Loss of Income Awards in Family Law Act Claims

child in wheelchair with foot injury
In Ontario, if a spouse, child, grandchild, parent, grandparent, brother, or sister is injured or killed as a result of negligence, then their family members may be entitled to recover their pecuniary losses resulting from such injury or death. This is thanks to section 61 of the Family Law Act, RSO 1990, c F.3. (“FLA”) which permits said family members the right to sue in tort in a court of competent jurisdiction for said pecuniary losses.
A pecuniary loss is one that is quantifiable – it is objective and can be assessed in financial, monetary terms. Examples may include medical care costs, property damage, or income loss.
Typically, FLA claimants will be able to claim for income loss that results from providing housekeeping or attendant care services to their injured loved one, as permitted by section 61(1) of the FLA. However, what happens in the event of a fatality, where a family member passes away due to a collision and their loved ones must take time off work or cannot return to work at all as a result? That family member will have lost income they would have made had the untimely death of their loved one not occurred. Can they claim for that lost income against the negligent party in a court of law?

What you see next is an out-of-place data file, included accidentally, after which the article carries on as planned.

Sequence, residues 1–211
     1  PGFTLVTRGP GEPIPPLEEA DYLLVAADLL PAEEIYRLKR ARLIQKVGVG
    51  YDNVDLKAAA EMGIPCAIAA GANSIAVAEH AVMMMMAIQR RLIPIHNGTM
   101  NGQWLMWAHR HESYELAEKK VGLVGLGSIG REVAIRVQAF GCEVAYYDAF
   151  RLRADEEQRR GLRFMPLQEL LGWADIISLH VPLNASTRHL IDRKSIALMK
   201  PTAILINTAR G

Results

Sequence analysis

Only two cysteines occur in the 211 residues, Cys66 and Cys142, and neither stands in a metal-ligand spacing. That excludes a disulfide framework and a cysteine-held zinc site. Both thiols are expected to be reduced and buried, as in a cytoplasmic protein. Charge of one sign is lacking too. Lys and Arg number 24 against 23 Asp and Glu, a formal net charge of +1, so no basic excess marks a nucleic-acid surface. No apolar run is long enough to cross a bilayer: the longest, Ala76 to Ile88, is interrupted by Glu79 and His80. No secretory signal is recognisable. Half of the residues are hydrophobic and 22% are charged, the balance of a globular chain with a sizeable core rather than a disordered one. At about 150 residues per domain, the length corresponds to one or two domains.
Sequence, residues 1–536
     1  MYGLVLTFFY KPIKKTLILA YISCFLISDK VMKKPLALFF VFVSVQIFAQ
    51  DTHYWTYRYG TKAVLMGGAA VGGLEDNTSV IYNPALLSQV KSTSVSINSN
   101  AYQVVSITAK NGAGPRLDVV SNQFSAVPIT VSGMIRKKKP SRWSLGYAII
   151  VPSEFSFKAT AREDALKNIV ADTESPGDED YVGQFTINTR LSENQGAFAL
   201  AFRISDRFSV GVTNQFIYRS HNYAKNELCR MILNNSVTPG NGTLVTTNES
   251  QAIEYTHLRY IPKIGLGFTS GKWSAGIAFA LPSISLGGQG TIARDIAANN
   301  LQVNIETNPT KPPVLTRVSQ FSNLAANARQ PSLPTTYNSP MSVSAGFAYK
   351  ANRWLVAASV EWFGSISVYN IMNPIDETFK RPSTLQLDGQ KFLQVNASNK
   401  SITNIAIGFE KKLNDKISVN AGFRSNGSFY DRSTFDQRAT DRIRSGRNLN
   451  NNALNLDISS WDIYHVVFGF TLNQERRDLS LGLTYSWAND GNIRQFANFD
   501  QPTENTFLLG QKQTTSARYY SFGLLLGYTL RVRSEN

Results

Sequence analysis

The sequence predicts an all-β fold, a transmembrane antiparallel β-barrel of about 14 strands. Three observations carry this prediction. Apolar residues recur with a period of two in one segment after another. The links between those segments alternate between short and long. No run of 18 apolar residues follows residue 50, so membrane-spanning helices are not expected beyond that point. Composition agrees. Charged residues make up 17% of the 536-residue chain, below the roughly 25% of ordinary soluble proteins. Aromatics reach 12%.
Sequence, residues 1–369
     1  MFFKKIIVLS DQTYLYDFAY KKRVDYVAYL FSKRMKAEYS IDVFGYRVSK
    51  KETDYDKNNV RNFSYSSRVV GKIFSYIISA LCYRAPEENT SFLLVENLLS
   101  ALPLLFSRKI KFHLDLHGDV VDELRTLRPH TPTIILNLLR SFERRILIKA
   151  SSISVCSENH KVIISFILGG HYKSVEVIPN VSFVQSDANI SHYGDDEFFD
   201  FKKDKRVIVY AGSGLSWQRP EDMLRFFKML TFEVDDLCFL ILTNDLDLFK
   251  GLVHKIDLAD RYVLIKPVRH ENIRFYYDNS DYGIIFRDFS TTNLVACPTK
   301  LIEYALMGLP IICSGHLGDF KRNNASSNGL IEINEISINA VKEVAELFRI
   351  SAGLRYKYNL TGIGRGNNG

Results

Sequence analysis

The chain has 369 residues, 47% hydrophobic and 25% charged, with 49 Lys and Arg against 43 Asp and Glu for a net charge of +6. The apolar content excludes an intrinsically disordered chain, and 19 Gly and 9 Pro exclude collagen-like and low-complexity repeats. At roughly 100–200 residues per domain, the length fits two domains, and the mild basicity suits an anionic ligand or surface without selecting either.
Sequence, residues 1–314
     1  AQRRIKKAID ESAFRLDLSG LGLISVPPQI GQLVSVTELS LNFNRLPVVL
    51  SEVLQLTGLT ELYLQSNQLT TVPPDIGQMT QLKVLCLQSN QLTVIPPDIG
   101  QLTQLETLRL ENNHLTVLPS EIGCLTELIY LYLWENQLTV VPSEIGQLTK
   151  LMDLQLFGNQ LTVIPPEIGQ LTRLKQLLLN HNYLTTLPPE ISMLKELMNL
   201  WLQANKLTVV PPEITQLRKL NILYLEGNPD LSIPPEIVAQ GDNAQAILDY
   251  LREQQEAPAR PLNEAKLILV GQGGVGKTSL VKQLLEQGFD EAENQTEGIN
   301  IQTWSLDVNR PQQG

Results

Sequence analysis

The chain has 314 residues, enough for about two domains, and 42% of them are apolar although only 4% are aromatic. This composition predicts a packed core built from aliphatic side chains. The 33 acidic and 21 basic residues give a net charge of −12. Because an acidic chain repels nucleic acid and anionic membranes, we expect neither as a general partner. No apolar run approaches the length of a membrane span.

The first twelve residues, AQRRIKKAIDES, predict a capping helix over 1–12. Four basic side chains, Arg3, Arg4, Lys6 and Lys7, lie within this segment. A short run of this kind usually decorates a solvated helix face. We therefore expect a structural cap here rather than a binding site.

The Ontario Court of Appeal’s decision in Fiddler v. Chiavetti[1] indicates that such claims for lost income can in fact be made. Amanda Fiddler was violently killed when a transport truck she was riding in struck another transport truck on January 16, 2005. At trial, a jury awarded her mother, Debbie Fiddler, $22,000.00 in past wage loss, $6,000.00 per year for 12 years of future wage loss, and $200,000.00 for loss of care, guidance, and companionship. The Ontario Court of Appeal notes that the past and future loss of earnings claims were “distinct from the usual claim for loss of financial support under s. 61(1) of the FLA.”[2]
On appeal, the issue was whether the trial judge allowing the loss of income claim to succeed resulted in a miscarriage of justice. However, the error of Amanda Fiddler’s mother was “not in her right to make the claim; rather, it [was] in her failure to provide expert evidence.”[3] Indeed, the appeal had nothing to do with Debbie’s right to make an income loss claim in the circumstances of a fatality, as all parties agreed that the income loss claims were allowed under the FLA. The appeal had to do instead with Debbie Fiddler failing to meet her evidentiary burden, as she had failed to produce records or documentation and was only able to support her income loss claim with witness testimony. The Ontario Court of Appeal ruled that Debbie Fiddler’s failure to provide expert evidence in connection with her wage loss claim, while far from optimal, was not fatal to her claim, and the income loss award was upheld.

If you or someone you know is injured in a motor vehicle collision, you may be entitled to compensation. Please contact our team at JEWELL RADIMISIS JORGE LL.P for a free consultation.

[1] 2010 ONCA 210
[2] Ibid., 58
[3] Ibid., 61
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